Tube Theory and Function
What is a tube?
A tube is a valve contained in a glass vacuum for the purpose of sound amplification. Considered obsolete by many designers since the seventies, the tube is still the hands down favorite for use in guitar amplifiers. They have an organic quality to their sound which most describe as "warm" sounding. Tubes also have idiosyncrasies which endear them to performers of music. They reciprocate subtle changes in technique which guitar players feel as a lovemaking experience.
In recent years they have become popular to process computer recordings to warm them up and give back some analog characteristics.
Bottom line; tubes are here to stay due to the demands of the audio industry, and their consistent results.
Tubes are thermionic valves. That is they get excited when they are hot. This is done by the filament which directly or indirectly heats the cathode. Lots of current but low voltage (about six volts). When the cathode gets excited it emits electrons (as men sometimes do). The electrons flow at a controlled rate; from the cathode to the plate...
What happens on the trip to the plate? They get bigger! A tube can be a diode; two components. A triode; three components. A tetrode; four components or a pentode: five components. We know that we need at least a cathode and a plate, so that would make a diode (two components).
A man named Forest introduced a third part called the grid, so that made a triode. A simple amplifier was born (a 12AX7 is a triode). To make a tetrode a screen grid was added. The screen grid works like a screen door. Only instead of mosquitoes, electrons are kept out. As a screen door keeps out the big bugs but lets in the gnats, so a screen grid lets the little electrons get through while blocking the bigger ones. This regulates or smooths out the flow of electrons.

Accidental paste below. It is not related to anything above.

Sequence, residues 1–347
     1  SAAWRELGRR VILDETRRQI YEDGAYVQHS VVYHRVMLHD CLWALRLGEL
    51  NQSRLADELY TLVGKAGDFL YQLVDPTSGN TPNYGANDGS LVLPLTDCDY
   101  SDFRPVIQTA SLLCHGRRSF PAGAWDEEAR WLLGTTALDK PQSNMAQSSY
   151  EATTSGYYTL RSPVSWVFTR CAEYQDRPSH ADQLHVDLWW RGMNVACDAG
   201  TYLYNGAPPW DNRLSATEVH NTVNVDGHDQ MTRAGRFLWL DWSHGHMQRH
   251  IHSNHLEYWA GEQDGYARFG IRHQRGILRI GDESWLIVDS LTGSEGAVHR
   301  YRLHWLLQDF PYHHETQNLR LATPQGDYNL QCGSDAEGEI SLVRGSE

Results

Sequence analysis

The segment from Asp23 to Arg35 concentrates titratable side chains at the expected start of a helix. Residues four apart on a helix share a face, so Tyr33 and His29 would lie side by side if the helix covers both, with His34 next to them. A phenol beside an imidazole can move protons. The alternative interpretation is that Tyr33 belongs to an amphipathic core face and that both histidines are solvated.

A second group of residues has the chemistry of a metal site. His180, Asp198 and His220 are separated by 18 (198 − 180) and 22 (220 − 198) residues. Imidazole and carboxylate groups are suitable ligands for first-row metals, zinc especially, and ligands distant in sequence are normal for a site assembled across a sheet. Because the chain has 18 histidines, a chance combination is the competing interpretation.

At this point the electrons are screaming up the highway. They might be going so fast that they bounce off the plate instead of sticking. To fix this a suppressor grid was added. This part was charged negative as a reminder so the electrons would go back to the plate.
So a tube is basically; a grid, where the signal goes in. A plate where the signal comes out louder (high voltage, low current). How loud? That depends mainly on the cathode. The cathode can work like a brake on the tube. If the cathode is grounded, the tube will draw all the current it can. If a resistor is placed between the cathode and ground, that resistor's value will control how hard that tube works. This makes for a practical amplifier called a cathode bias amp.
Output tubes can be either cathode bias or grid bias. A grid bias amp has its cathode connected to ground. But it does not draw too much current because a negative voltage is applied to the grid. It rides piggy back on your guitar signal and limits the current draw on the tube by a fixed negative voltage applied to the grid.
Needless to say these two amp circuits sound and respond differently. So bias can be like a cop who says "Cool out tubes, you are having too much fun!" Less bias, they run hot, more bias they run cool.